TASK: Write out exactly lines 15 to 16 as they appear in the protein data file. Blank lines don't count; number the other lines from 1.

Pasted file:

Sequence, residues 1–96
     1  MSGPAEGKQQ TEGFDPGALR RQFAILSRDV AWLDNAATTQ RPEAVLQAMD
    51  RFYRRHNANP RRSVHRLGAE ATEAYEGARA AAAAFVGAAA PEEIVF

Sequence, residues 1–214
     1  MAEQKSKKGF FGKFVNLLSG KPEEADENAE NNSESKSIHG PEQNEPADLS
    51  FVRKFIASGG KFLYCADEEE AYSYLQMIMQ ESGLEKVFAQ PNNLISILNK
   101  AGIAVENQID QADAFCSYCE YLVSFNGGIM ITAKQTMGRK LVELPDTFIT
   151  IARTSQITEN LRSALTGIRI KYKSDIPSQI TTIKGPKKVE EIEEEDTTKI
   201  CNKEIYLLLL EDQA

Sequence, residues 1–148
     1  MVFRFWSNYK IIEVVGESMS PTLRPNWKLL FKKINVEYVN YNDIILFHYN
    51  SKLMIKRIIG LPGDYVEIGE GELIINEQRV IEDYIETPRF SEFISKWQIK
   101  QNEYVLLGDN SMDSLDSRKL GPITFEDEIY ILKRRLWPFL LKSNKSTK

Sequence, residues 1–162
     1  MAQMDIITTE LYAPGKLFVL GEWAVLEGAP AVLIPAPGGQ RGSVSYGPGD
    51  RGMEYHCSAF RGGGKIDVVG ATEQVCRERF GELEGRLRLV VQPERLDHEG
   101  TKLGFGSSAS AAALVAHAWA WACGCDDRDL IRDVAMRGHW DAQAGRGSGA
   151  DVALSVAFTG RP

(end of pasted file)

     1  MAQMDIITTE LYAPGKLFVL GEWAVLEGAP AVLIPAPGGQ RGSVSYGPGD
    51  RGMEYHCSAF RGGGKIDVVG ATEQVCRERF GELEGRLRLV VQPERLDHEG